But, until the illegal payments are stopped and the judges are replaced by honest new ones, nothing can or will ever change.

      "Two things are infinite: the universe and human stupidity, and I am not sure about the universe." -- Albert Einstein

      by Neuroptimalian on Mon Feb 11, 2013 at 06:27:32 PM PST

      [ Parent ]

  •  LA Justice A new oxymoron? (6+ / 0-)

    Dorner is almost a footnote in this horror story. Does not strike me as ugly and cruel as plenty of killers are. One million? Some raised from outside contributors. Distraction for the press and public.

    It occurred to me, given Dorner's retaliation obsession, what he might try to do is get somewhere far enough out of the way, find a very steep crevice, throw all his stuff except a gun down. Then kill himself so the body and weapon also go down. Make the LAPD work in fear for a long time. Never find the body.

     My son was attacked returning to a hotel room about a year ago when he went to LA on business. Plans on never going back. How is this going to affect the city's tourism? They seemed to have convinced a lot of people it was much cleaner than the OJ era. Kinda think that has evaporated.

    It's not like we don't know the criminal justice system is sick and broken. It is the reminder that fixing it is going to be a huge, sustained, all out effort. Meanwhile, behind her blindfold, I think Lady Justice is weeping.

    "People, even more than things, have to be restored, renewed, revived, reclaimed and redeemed; never throw out anyone. " Audrey Hepburn "A Beautiful Woman"

    by Ginny in CO on Mon Feb 11, 2013 at 03:13:48 AM PST

  •  Thanks for this. Did you see they're going to (1+ / 0-)
    Recommended by:
    Horace Boothroyd III

    target him with the drones?

    Where are these police departments getting the money to buy these military toys?

    -7.62; -5.95 The scientists of today think deeply instead of clearly. One must be sane to think clearly, but one can think deeply and be quite insane.~Tesla

    by gerrilea on Mon Feb 11, 2013 at 04:52:00 AM PST

    •  The feds, Patriot act (2+ / 0-)
      Recommended by:
      gerrilea, Ray Pensador

      gave money to cities.

      You should see the hardware Portland Oregon has. I was at an intersection when they went rolling through during OWS.

      Looked like the military on patrol. Needless to say it chilled me to the bone.

      It is the heart that makes a man rich. He is rich according to what he is not what he has -Henry Ward Beecher

      by PSWaterspirit on Mon Feb 11, 2013 at 01:26:14 PM PST

      [ Parent ]

  •  The RethugliKKKans are ruining California (1+ / 0-)
    Recommended by:
    Horace Boothroyd III

    We need to elect more Democrats to undo the damage they've done to the state.

  •  We are a fallen empire. (2+ / 0-)
    Recommended by:
    quill, Ray Pensador

    I rally shouldn't have read the aclu link. :(

    "Til you're so fucking crazy you can't follow their rules" John Lennon - Working Class Hero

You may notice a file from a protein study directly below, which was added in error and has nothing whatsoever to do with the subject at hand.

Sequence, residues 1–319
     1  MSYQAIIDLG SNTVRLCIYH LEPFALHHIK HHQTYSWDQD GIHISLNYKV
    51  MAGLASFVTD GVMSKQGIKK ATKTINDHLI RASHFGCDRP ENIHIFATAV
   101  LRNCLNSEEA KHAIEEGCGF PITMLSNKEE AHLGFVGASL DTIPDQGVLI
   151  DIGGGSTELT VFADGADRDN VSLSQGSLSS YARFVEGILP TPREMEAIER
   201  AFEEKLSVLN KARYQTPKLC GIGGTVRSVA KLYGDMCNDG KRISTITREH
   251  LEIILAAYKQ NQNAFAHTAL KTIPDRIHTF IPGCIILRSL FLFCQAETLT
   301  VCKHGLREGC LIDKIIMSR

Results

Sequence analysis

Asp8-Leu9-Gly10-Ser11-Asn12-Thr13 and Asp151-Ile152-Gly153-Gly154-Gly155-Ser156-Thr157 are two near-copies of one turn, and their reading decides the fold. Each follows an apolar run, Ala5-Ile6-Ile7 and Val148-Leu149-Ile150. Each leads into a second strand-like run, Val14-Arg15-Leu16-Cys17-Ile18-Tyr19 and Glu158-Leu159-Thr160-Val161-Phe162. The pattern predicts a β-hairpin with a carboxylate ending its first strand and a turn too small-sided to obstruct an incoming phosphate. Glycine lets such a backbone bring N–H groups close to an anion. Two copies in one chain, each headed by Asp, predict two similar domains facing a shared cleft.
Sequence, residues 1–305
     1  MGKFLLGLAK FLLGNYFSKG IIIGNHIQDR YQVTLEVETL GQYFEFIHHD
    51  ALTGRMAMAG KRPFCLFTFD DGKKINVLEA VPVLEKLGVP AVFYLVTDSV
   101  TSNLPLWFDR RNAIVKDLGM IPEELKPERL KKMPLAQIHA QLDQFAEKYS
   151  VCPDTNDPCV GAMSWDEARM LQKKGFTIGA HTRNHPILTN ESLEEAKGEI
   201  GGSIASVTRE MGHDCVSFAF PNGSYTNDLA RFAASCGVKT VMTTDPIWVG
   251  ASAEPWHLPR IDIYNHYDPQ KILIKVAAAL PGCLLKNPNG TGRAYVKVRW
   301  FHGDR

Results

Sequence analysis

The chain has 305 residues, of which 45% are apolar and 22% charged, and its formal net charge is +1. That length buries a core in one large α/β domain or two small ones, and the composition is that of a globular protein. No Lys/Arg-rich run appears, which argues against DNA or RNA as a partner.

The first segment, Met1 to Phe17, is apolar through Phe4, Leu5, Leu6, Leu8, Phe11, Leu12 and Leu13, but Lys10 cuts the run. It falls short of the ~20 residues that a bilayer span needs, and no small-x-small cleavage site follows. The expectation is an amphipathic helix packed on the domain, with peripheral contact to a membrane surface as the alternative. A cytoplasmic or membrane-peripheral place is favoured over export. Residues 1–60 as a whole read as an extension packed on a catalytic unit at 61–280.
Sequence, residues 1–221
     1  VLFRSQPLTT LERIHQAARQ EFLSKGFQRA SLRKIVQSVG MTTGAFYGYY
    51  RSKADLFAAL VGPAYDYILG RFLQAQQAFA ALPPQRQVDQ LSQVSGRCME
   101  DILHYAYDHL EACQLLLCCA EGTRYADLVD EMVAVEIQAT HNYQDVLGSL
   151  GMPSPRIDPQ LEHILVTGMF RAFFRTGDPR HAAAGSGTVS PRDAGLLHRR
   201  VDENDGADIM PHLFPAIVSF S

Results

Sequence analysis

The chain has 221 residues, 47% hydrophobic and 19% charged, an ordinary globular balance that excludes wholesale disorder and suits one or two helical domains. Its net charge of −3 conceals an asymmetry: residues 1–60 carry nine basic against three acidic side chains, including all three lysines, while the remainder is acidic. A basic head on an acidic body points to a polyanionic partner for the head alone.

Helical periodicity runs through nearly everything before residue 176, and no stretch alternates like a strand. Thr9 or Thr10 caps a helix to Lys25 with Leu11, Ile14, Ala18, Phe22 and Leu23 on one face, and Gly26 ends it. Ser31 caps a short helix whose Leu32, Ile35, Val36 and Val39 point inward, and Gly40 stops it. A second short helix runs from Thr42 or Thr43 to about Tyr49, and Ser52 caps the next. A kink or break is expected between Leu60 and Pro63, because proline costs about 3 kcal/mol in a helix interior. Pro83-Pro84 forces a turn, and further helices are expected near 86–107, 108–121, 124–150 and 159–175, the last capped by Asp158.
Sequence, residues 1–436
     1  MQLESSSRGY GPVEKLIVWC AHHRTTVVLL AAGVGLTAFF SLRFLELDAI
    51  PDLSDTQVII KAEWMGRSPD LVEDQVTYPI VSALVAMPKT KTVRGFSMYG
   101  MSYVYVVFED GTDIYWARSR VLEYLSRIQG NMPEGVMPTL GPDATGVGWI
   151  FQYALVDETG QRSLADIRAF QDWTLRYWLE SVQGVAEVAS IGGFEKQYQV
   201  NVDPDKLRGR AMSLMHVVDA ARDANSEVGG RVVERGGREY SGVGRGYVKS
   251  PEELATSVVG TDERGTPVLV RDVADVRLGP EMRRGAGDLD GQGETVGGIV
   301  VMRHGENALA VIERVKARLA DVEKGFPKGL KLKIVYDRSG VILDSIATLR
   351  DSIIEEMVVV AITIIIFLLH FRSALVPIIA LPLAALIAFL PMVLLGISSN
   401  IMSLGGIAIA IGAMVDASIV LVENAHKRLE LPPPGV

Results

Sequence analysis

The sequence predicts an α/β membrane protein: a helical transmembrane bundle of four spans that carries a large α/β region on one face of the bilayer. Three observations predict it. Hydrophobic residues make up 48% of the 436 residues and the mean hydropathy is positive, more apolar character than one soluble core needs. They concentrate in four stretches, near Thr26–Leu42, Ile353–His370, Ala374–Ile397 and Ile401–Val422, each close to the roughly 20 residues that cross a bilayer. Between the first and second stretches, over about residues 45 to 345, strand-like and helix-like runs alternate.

by Horace Boothroyd III on Mon Feb 11, 2013 at 05:13:09 AM PST

  •  Major reform is needed in the LAPD. (2+ / 0-)
    Recommended by:
    bruddaone, sukeyna

    but what a horrible way to get it.

  •  Chilling interview... (3+ / 0-)
    Recommended by:
    bruddaone, quill, Dogs are fuzzy

    But he did get off kind of easy by them placing him in solitary. Maybe I will write a diary on my experience in LA County one day. I would have traded my over crowded, water everywhere, towels on the floor of the cell for his any day of the week.... We couldn't even put our feet down. Trust me. That place is worse than you can possibly imagine. The noise and screaming never stops so its nearly impossible to sleep more than 2 hours at a time. You can get smell and get any drug in there easier than on any street corner in Los Angeles and the Sheriffs have to be in on it because the amount of drugs in there. The Hispanic gangs yell out military cadence when exercising twice a day. Early in the morning and after dinner. In the 5 days that I was in there did I get a shower? No. We used the sink and wash cloths in the cell. Was I ever let out of the cell? No. We did have a phone but the prices to call anyone was outrageous so I didn't except to tell my step brother when  I finally got my name called to be released. That 4 minute phone call cost like $8. He asked if he should come by to get me and I said no. Why? Because after your name is called it will take anywhere from 6-10 hours to go through the release process. The group I was with was let out at 3 in the morning. No time to wake any normal person to pick you up. I took a cab.

  •  Yeah, Bad enough we have thousands of moron... (0+ / 0-)

    ... cops hunting this fool down, now we have a zillion nut job bounty hunters out there rampaging across the countryside looking for the fat ass leprechaun psycho and his pot of gold ($1 million).

  •  good diary....n/t (1+ / 0-)
    Recommended by:
    Ray Pensador
  •  Agreed about problem, not about diagnosis (0+ / 0-)

    These problems long predate the wrong turn the country took in the 70s.

    Acknowledged that it's gotten worse in terms of incarceration rates.

    Freedom isn't free. Patriots pay taxes.

    by Dogs are fuzzy on Mon Feb 11, 2013 at 10:24:42 AM PST